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Frenectomy

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A frenectomy can improve more than your smile.

Did you know that a frenectomy can actually impact your overall health?  Research has shown this simple procedure may improve several issues in both children and adults, including:

speech

digestive

airway

periodontal

orthodontic spacing

At whole dental wellness, we will work with you to optimize both your oral and whole body health.  Because they are intimately connected.  If you have a concern about a frenum you think may not be right, call and schedule a consultation with our specialist periodontist today!

What is a frenectomy?

A frenectomy is simply the removal, or repositioning of a frenum.  A frenum is a muscular attachment between two tissues that prevents tissues from moving too far.  There are three frena within your mouth that may obstruct function, cause recession, or prohibit your orthodontist from completing your recommended orthodontic therapy. These frena are called the maxillary labial frenum (which connects the inside of your upper lip to your gums just above your upper two front teeth), mandibular labial frenum (which connects the inside of your lower lip to your gums just below your lower two front teeth), and the lingual frenum (which connects your tongue to the floor of the mouth).  The removal of the frenulum does not cause any adverse effects to the lip and mouth, nor changes in your appearance.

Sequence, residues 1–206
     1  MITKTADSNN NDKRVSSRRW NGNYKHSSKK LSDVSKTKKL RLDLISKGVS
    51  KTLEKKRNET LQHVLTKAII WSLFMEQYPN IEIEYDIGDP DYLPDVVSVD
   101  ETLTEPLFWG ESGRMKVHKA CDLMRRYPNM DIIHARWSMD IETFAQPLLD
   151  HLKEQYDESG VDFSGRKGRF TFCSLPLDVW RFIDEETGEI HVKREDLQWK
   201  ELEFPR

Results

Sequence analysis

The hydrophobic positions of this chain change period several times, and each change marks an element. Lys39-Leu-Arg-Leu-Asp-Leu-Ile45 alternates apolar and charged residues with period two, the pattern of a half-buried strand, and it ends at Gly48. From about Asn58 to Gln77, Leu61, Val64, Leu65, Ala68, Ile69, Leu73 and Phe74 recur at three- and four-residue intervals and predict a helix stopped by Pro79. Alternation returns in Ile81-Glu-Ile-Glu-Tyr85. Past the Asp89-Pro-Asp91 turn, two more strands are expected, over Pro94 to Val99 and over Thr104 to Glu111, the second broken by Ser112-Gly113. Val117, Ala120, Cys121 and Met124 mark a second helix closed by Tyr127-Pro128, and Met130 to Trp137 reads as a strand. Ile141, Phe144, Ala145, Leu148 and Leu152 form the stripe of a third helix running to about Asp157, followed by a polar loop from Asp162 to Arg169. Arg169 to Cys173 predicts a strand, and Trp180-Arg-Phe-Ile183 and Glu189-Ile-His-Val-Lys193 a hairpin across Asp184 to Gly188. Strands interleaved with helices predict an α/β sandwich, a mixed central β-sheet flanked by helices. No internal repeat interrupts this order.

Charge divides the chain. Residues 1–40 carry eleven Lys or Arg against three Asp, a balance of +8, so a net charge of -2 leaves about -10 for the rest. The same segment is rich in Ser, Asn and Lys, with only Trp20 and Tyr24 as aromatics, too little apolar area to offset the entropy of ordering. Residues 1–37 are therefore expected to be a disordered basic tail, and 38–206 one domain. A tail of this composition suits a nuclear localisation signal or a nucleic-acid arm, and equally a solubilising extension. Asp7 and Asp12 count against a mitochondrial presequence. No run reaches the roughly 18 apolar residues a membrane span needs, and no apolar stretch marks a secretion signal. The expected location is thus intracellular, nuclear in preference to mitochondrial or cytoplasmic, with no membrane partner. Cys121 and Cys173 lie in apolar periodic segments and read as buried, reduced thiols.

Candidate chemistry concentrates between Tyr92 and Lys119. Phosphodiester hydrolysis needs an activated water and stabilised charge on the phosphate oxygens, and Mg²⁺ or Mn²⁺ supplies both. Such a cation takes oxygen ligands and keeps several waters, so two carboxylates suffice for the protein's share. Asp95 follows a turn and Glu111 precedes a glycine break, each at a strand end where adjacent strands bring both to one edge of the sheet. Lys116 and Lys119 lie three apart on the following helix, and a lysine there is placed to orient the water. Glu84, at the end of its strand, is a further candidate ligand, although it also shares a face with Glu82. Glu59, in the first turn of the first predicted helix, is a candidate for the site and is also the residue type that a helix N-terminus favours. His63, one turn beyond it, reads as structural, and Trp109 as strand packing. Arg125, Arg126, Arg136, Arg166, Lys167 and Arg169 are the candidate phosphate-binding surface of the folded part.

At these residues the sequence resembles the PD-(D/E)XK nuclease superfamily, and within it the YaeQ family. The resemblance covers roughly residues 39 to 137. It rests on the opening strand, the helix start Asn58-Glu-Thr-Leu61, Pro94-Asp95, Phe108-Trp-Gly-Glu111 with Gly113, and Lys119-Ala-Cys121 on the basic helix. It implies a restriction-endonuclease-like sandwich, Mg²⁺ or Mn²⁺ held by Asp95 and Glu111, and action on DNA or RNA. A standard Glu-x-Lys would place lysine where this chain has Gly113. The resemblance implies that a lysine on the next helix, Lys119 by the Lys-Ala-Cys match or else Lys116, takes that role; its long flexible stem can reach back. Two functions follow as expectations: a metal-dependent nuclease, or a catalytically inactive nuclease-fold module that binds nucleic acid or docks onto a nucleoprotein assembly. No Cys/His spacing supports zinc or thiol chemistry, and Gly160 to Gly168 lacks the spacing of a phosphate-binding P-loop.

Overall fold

Maxillary Labial Frenectomy (upper lip)

A prominent maxillary labial frenum may cause a large gap to occur between the upper two front teeth. Sometimes the frenum may cause pain on the upper lip and gums or prevent your orthodontist from closing this gap with braces.  It can also create an “open mouth posture” by limiting the movement of the upper lip, preventing the mouth from properly sealing.  This leads to open mouth breathing, which in children impairs the development of nose breathing and negatively impacts proper airway and jaw development.  It can also cause gum recession.

Additionally, a frenectomy may improve an infant’s ability to nurse or bottle-feed.  If you are concerned about your baby’s ability to feed, please seek evaluation from your child’s pediatrican and lactation consultant to evaluate whether or not your child would benefit from this procedure.

Mandibular Labial Frenectomy (lower lip)

A prominent or malpositioned mandibular frenum may cause the gum tissue on the lower two front teeth to become inflamed, resulting in periodontal issues and gum recession.  If this frenum is located too high, it may also inhibit the proper seating of dentures, leading to chronic soreness and irritation.

Lingual Frenectomy (tongue-tie)

The lingual frenum is the tight tissue underneath the tongue that tethers the tongue in its resting position.  If it is too tight or short, it restrains the tongue too low.  This is commonly referred to as being “tongue-tied.” In young children, this condition may hinder correct growth of the jaw and cause long-term orthodontic problems, speech impediments (mainly lisping), and possibly airway issues.

Does a frenectomy hurt?

A frenectomy is a simple procedure where, after numbed, a small incision is made that frees the frenal attachment.  Dissolving stitches will be placed to help the tissue heal. This area will be tender for 4-5 days but should not prevent you or your child from partaking in any school or work related activities.  Following a lingual frenectomy, it may be sore to talk for a few days, but this will quickly resolve as the area continues to heal.